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Young women aren't "complacent" - they're struggling - 1/6/16
Debbie Wasserman Schultz sparked a significant backlash this morning when she accused "young women" of political "complacency." The Hillary Clinton surrogate, who also serves as Democratic Party chair, made her comment in an interview when Ana Marie Cox alluded to the "generational divide" among young women in the Democratic primaries.

That general divide should be common knowledge by now: young people like Sanders and don't like Clinton. Among the overall population, in fact, Clinton hasn't been able to win a majority of voters born after the 60s. Matt Bruenig notes that a variation on the pattern holds among women in particular:

So there clearly is a generational divide among women - between those older and younger than 30. But if DWS is wrong, how else can we explain this? One simple explanation presents itself if we look at the economic situation of each age bracket:

The most striking fact here, of course, is that no matter what age group you are in, at least half of all women are making less than $25,000. This is a difficult number to get past, but once you do, you'll notice that it skyrockets to nearly three quarters of women currently under 30. Right now, the youngest generation of women only has a one in four shot of earning $25k; DWS's generation has a one in four shot of earning twice that. Similarly, women in the 30-64 age brackets are more likely to make $75k than the youngest generation is to make $50k. And only about 2% of all women under thirty make $75k or more, compared with more than 10% of women between 30 and 64. It's only when you reach retirement that income levels for women even start to return to what they are for the youngest cohort.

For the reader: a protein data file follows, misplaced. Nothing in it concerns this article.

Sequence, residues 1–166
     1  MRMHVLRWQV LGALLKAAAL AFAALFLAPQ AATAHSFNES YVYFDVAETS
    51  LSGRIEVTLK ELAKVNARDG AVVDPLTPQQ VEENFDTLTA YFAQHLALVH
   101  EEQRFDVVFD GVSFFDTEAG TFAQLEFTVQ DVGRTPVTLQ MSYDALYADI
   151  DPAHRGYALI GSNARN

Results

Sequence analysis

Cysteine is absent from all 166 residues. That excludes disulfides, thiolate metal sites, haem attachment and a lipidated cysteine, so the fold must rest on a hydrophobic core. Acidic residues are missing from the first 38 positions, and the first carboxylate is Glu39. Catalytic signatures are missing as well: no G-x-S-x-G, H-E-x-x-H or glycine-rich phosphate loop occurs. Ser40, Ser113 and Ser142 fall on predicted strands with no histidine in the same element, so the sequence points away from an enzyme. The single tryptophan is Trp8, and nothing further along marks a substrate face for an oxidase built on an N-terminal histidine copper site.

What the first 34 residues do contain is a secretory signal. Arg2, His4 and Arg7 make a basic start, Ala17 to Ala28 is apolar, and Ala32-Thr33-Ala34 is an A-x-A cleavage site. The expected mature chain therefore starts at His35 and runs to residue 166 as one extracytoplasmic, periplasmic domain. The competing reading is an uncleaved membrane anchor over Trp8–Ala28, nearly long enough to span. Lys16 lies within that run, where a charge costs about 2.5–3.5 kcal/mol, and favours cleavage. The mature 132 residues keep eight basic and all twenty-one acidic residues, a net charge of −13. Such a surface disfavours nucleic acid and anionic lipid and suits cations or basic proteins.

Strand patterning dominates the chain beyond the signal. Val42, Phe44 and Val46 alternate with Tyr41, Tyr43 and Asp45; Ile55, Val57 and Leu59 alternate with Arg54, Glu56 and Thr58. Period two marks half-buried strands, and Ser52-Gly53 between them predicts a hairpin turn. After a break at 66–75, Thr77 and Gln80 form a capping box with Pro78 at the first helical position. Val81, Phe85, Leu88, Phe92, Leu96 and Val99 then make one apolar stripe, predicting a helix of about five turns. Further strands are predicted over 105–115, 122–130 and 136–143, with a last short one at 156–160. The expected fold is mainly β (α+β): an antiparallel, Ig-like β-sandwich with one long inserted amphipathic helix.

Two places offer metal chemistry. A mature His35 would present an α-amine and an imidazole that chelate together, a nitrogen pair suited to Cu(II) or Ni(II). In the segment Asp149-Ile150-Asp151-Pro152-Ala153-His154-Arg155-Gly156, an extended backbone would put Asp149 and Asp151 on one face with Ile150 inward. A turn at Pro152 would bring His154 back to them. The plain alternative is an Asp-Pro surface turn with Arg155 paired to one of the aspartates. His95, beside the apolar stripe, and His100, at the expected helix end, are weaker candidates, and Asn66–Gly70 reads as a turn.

All of this makes the political trend easy enough to explain: Sanders has more to offer struggling young women than Clinton does. His education plans, including free tuition at colleges and universities, would help young women complete their schooling and pay off their loans. His superior child care and paid leave plans would help women who are starting families. And evidently, Sanders' record on reproductive rights has won the confidence of age cohort who give birth to 60% of America's children. Sanders also, of course, is likely to offer a much more vigorous defense of other general welfare programs that would come in handy for poor women, like food stamps - programs that Clinton is best known for loudly opposing.

If you're an older woman who personally has no student loans to pay off, no need for child care and paid leave, a diminishing need for abortions, and no need for food stamps, you are probably less likely to be impressed by Sanders' platform, or off-put by Clinton's. In that case - particularly if you're a humanities professor or an established media figure - you're more likely to care about nebulous symbolism, and to consider poverty a worry for another time.